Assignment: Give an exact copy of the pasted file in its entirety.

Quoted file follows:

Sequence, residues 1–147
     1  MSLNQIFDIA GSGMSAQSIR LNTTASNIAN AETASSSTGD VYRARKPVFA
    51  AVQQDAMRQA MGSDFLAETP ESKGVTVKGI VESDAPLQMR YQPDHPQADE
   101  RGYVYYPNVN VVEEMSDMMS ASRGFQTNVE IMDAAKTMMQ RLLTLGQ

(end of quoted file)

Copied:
Sequence, residues 1–147
     1  MSLNQIFDIA GSGMSAQSIR LNTTASNIAN AETASSSTGD VYRARKPVFA
    51  AVQQDAMRQA MGSDFLAETP ESKGVTVKGI VESDAPLQMR YQPDHPQADE
   101  RGYVYYPNVN VVEEMSDMMS ASRGFQTNVE IMDAAKTMMQ RLLTLGQ